Monetary policy covers national economic decisions that involve the money supply and credit. This is opposed to fiscal policy, which is based around government spending, borrowing and tax-raising. The goals of monetary policy are usually based around stability, particularly in measures such as employment and inflation. For this reason, monetary policy is often handled by a non-political agency.
The way a country attempts to achieve the goals of monetary policy can vary widely depending on its economic set-up. Although few if any countries have entirely unrestricted free markets or a completely government-controlled command economy, the amount of government intervention is very different around the world. The economic relationships between countries can also affect monetary policy options.
Arguably the most common form of monetary policy is control of the monetary supply. This ranges from the actual amount of physical government-issued cash to the rules governing banks effectively "creating" money by lending it to borrowers and crediting it to their accounts. This in turn influences the amount of business activity that can take place.
The other major action is controlling interest rates. The rates central banks charge commercial banks for short-term loans will usually in turn influence the amount businesses and consumers must pay to borrow money. This in turn affects spending power and the ability to invest to grow a business.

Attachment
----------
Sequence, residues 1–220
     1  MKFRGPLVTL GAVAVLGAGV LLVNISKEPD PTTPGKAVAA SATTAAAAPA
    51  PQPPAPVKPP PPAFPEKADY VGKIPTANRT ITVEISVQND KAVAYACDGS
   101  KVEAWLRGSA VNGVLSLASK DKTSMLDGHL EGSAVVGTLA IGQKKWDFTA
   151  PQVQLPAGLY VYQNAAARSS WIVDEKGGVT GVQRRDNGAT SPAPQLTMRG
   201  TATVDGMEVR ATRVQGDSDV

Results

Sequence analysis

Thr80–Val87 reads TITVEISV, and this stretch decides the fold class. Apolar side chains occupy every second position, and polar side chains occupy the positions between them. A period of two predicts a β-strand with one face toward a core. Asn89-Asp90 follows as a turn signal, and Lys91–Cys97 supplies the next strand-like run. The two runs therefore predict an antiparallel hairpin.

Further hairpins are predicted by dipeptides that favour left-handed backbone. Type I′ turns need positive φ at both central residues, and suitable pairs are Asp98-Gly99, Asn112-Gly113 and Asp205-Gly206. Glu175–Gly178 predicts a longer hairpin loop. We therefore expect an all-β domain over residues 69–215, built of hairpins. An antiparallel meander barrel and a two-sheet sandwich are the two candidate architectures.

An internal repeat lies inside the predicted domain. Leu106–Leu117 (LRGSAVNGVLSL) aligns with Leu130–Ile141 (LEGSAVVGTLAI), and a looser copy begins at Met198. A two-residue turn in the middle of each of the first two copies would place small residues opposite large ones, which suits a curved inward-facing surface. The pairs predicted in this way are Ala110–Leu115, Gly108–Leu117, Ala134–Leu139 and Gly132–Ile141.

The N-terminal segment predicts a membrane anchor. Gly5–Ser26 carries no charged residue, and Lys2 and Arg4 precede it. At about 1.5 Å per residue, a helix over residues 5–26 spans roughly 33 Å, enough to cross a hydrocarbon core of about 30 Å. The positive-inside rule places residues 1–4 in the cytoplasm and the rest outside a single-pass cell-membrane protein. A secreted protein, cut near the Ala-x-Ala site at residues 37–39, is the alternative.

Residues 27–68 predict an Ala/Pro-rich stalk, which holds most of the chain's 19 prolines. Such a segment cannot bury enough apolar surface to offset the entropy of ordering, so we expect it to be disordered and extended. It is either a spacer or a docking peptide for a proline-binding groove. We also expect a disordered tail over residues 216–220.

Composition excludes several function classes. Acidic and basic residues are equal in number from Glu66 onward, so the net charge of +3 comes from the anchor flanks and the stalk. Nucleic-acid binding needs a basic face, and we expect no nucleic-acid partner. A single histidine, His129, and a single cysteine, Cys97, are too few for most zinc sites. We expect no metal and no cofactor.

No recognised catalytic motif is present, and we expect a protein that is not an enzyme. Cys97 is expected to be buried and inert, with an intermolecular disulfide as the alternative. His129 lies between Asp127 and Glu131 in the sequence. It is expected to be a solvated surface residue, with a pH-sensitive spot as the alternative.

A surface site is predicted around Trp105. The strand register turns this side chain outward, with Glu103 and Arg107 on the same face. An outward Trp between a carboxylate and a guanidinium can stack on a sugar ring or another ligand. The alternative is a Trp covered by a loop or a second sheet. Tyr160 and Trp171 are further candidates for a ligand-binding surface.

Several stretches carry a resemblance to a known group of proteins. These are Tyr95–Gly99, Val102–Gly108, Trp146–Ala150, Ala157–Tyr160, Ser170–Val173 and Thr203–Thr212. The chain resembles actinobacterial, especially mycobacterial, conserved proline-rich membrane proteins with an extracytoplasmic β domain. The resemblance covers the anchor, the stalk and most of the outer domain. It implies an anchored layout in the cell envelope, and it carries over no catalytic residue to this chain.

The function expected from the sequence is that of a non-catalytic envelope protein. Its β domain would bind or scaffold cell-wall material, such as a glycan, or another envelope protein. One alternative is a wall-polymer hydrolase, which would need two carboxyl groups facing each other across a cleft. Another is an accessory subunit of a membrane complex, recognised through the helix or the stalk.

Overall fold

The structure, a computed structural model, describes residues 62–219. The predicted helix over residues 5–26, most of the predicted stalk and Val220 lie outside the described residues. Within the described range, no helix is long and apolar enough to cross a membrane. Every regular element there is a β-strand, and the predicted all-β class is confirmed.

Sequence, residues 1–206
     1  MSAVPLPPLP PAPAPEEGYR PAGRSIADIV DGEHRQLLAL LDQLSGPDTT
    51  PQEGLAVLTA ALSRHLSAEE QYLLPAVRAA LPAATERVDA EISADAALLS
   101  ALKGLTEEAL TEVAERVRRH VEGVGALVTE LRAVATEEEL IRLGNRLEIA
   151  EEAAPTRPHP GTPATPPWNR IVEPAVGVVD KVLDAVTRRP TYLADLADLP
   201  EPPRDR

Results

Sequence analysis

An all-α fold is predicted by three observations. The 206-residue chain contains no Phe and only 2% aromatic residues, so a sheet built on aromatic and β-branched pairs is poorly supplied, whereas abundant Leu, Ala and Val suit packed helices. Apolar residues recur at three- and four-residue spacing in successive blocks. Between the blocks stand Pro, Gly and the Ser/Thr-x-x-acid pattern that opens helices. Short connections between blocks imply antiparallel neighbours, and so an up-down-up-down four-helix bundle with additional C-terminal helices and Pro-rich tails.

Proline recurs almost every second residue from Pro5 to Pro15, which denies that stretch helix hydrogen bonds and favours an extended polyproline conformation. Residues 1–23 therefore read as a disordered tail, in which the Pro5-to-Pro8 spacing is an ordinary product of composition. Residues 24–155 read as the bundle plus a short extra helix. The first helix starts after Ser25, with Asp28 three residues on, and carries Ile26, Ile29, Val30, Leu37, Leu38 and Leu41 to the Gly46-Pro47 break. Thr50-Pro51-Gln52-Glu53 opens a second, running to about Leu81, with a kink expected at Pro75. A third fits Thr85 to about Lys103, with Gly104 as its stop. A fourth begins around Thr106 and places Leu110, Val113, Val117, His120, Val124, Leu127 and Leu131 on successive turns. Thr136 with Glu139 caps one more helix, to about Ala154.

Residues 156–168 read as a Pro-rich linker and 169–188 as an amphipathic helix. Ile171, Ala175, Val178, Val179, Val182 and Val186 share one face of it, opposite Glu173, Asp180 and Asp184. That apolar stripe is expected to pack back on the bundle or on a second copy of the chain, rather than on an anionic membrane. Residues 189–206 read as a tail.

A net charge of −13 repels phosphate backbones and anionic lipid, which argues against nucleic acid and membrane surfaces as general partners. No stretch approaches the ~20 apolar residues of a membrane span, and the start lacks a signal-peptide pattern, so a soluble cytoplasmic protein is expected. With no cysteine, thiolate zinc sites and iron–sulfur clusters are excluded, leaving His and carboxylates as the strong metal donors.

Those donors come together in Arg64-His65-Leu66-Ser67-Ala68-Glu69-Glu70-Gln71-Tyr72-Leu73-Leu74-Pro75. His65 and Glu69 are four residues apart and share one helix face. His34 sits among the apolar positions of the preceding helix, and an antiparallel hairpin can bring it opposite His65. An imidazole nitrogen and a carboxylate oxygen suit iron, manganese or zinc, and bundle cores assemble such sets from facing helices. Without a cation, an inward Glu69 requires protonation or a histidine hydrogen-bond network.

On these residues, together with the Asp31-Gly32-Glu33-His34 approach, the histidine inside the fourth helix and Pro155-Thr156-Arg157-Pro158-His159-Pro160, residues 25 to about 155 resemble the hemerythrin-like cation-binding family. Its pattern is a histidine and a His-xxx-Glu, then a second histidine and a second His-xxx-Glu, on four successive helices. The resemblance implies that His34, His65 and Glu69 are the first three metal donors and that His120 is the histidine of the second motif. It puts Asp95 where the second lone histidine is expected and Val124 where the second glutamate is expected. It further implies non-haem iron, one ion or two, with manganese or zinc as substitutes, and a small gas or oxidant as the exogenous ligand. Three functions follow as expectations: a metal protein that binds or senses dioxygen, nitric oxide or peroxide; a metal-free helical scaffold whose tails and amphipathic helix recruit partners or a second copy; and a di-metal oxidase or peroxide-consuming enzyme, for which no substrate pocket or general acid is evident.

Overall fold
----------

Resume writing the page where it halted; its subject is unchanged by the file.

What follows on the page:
The potential goals of monetary policy are the same in every country, but many countries pick a specific goal, base policy decisions around this goal, and use this measure to track success. The most common is the rate of inflation, which is how rapidly prices increase. Excessive inflation can create a cycle by which consumers have less effective spending power, creating demands for higher wages, which in turn leave companies with less available cash for investment and expansion.
Some countries instead focus on employment levels. This is partly because unemployment can be seen as a societal problem, driving down overall living standards. For countries with generous welfare programs, unemployment can be costly for government, and in any case unemployment usually means lower tax revenues.
Achieving the goals of monetary policy is often a balancing act. For example, low interest rates can help boost employment by making it easier for companies to expand and take on new staff. At the same time, lower rates mean mortgage holders have more disposable cash, risking inflationary pressure. As a result, many monetary policies that have a primary target may still look for overall stability rather than pursuing this target at all costs.